The Ambassador in Guatemala (Long) to the Secretary of State

No. 1016

Sir: I have the honor to refer to the Embassy’s Despatch No. 847 of February 11, 1944, in which the possibility was suggested that an arrangement might be worked out with the Guatemalan Government for the conclusion of a Cooperative Agreement under the terms of Public 375 to provide for the contribution by the Guatemalan Government of the rental value of machinery and equipment obtained from our War Department, as its one-third share of such projects as might be agreed on. The Department’s Instruction No. 424 of March 2, 1944,14 authorized the Embassy to discuss this proposal with the Guatemalan authorities.

In view of the approaching visit of General Fleming of the Federal Works Agency15 and Messrs. MacDonald and James of the Public Roads Administration,16 I considered it desirable to defer discussion of this subject with the Guatemalan Government until I had an opportunity of going over the matter with the American officials named.

General Fleming and his party called at the Embassy on April 5, at which time highway matters and this problem were discussed. In the course of our conversation it occurred to us that before making such a proposal to the Guatemalan Government, it would be desirable to inquire carefully into the legality of accepting as the Guatemalan contribution the rental value on the equipment and machinery turned over to it by the United States War Department under the Agreement of September 28, 1943.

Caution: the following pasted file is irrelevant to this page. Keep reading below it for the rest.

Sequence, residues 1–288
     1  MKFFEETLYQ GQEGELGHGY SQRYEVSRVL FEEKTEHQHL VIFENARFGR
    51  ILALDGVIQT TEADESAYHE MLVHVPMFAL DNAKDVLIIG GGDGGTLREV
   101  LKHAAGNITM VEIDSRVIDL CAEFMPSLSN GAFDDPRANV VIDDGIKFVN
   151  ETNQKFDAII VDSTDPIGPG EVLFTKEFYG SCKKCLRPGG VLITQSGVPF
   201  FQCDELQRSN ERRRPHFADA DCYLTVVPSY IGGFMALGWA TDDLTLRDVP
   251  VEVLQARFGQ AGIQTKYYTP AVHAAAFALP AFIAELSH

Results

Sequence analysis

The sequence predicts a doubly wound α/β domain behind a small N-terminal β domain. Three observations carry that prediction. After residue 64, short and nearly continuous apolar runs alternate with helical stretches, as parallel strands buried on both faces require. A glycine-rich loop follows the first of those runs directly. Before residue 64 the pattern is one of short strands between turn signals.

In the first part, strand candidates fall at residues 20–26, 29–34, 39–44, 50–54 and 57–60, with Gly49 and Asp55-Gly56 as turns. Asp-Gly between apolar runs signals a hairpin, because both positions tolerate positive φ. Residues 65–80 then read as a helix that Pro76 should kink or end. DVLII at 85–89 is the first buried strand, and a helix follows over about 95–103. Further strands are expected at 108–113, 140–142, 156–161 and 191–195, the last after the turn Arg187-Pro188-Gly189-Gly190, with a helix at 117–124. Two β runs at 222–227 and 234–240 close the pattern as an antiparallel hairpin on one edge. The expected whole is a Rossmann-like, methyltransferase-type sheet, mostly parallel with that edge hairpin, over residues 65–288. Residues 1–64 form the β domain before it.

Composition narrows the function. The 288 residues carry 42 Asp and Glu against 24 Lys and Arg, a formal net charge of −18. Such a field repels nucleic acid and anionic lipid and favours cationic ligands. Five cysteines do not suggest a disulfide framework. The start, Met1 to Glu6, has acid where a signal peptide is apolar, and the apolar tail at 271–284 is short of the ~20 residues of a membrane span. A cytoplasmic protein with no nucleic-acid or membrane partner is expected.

[Page 193]

In the hypothetical case that the Guatemalan Government should decide to suspend construction of the CIPA and withdraw the equipment and machinery for use on other projects, our War Department would presumably be in a position to cancel the Agreement of September 28, and insist on the return to it of the equipment. While it is true that this equipment was not turned over to Guatemala as an outright gift, in view of the fact that it undertook to make expenditures equal to the value thereof, some question exists regarding the actual moment at which Guatemala will acquire definitive title to the equipment.

In view of the question which has arisen in this regard, it occurs to me that either the Department or the Public Roads Administration might wish to submit the question to the Comptroller General for an opinion before I discuss the matter with the Guatemalan Government.

Pending further instructions in the premises, no action will be taken by the Embassy.

Respectfully yours,

Boaz Long
  1. Not printed.
  2. Maj. Gen. Philip B. Fleming, Administrator, FWA.
  3. Thomas H. MacDonald, Commissioner, and Edward W. James, Chief, Inter-American Regional Office, PRA.